A Case for Not Weighing Yourself Often

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Author: Holly J Coley

Thanks to the age of technology we’re constantly plugged into a plethora of information, including scientific studies. We like scientific studies at The Mighty Mite. They teach us stuff and help to back up our opinions. Still, regardless of how good the study is we try to read it with a bit of a side-eye and you should too because what is seen as truth today may be hogwash tomorrow. Like the study written this year on Pop Sugar, about how weighing yourself daily can make you lose three times more fat than a person who doesn’t.

The study comes from the Journal of the Academy of Nutrition and Dietetics  which cited regular (every day) hopping on the scale as a motivator to modify and adopt weight control behaviors. We’re not saying the study is bupkis. It makes perfect sense. If you want to lose weight , thinking back on the number you saw on the bathroom scale may keep you from mindlessly noshing. And maybe it should. On the other hand, maybe it shouldn’t. It’s really up to you because you know your body, your habits, your goals. If you don’t, it’s time for an assessment.


While regular weigh-ins can be beneficial it can also pose problems. One ten year study reported that teenagers of varying sizes who weighed themselves often showed sign of depression and low self-esteem. This was true of not only girls but boys. It should be noted that their weights didn’t change much through the course of the study. Many experts find similar results with chronic weighers of all ages which may be why some advocate for skipping the scale entirely.




Many people have a hate sometimes love relationship with the scale. When the number says what you want you may feel satisfied or even elated. When it doesn’t you can feel disappointed, shame or even dread. I know, I’ve been there.

Recently I had to go to the doctor and what was the first thing I was asked to do before I was even shown the examination room? Get on the scale.

“No,” I told the nurse. “I don’t let anyone weigh me.”

“I’m sorry,” she said rather firmly, “But I must.” This happens to me a lot at doctors’ offices and it’s one of the reasons I hate going to them. Examines are unpleasant enough. I don’t want to deal with that and the potential argument that may emerge from me refusing to step on some machine. This particular nurse looked like she meant business but so did I. Staring her in the face I said as bitchless as possible, “No. I don’t let anyone weigh me and seriously, I’d rather cancel my appointment than get on that thing.”

And just like that the nurse relented and showed me to where I could see my doctor.






My response to the woman who’s just really doing her job may sound extreme or even immature. But as someone who use to weigh herself every day, sometimes several times a day, I know how something so innocent can completely dictate your life. Even times when I would be feeling great about myself, as soon as I’ve stood on the scale and saw a number I didn’t like, all those great feelings flew from my body and out the bathroom window, not to return for the rest of the day.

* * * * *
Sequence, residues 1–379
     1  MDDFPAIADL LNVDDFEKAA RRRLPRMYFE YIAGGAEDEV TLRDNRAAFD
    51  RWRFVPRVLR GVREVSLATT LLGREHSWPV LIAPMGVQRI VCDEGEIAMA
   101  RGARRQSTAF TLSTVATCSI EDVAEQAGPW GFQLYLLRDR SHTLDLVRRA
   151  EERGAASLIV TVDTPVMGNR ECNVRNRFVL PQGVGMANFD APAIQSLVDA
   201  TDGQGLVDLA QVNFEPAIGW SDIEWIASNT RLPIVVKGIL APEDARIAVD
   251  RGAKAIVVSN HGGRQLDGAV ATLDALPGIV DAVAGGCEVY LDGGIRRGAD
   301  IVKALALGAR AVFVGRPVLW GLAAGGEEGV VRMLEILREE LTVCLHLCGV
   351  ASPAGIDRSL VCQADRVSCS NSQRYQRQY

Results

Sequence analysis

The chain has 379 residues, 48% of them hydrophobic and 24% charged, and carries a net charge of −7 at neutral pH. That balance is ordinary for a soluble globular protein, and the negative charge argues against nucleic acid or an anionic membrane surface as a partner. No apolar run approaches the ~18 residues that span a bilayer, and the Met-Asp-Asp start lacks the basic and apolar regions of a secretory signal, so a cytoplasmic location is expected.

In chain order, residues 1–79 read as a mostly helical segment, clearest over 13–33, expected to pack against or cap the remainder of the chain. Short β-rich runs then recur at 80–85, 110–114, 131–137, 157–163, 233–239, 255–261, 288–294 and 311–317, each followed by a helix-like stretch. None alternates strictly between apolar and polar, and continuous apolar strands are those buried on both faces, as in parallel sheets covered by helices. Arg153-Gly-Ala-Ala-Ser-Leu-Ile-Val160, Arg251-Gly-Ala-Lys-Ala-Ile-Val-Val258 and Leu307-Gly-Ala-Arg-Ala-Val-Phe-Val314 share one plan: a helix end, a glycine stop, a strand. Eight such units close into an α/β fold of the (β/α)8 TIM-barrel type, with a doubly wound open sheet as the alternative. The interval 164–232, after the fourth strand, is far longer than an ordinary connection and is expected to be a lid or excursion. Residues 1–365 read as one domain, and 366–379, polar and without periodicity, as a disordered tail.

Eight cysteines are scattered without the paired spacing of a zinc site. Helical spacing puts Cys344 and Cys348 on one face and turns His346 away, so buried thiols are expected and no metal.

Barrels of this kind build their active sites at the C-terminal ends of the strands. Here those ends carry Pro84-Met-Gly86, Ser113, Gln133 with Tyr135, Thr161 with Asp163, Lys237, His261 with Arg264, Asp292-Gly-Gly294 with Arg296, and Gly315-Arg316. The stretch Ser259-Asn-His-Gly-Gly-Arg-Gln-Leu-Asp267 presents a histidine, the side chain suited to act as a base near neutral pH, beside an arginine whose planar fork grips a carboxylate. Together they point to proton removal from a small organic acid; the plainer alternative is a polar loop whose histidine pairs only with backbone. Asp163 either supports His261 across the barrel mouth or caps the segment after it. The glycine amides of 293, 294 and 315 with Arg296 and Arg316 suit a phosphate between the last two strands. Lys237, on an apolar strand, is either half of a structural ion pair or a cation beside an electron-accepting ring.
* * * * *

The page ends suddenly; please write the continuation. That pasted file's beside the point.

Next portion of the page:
There are times in our lives when the scale is helpful, like when you’re pregnant or having surgery. There are other times when it really is nothing more than a number to help you gauge where your health is at and frankly, it’s not the best tool. If you’ve had body image issues, disordered eating, an eating disorder or are just obsessive, it can be downright harmful.  If you want to mind your weight without torturing yourself, there are other ways (possibly better ones) to do it.


A scale can’t tell you if your weight is coming from fat or muscle (unless it’s one of those fancy ones and with machines, there is always room for error). And since a person’s weight fluctuates everyday it’s somewhat pointless to go on more than once a week. In contrast, a simple measuring tape can tell you if your waist has become smaller or if your booty has become larger and since it takes awhile to see body composition changes you can get by only checking that once a month.

Clothes and how they fit can be another way to make sure your weight stays in a healthy range. Periodically getting into a pair of unforgiving jeans will show you if you need to intensify your gym routine or alter your diet. And of course, checking in with yourself and seeing how you feel should be your first stop. When we gain or lose weight we often feel it in our energy levels, our appetite, and our physical performance. At the end of the day, that’s what this is all about right? Feeling good and being in good health?

Tell us, how do you feel about weighing yourself? Is it no big deal or would you rather run naked through fire? Share in the comments.




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  1. Pingback: Weekly Wrap: We Read Up So You Don’t Have To | The Mighty Mite

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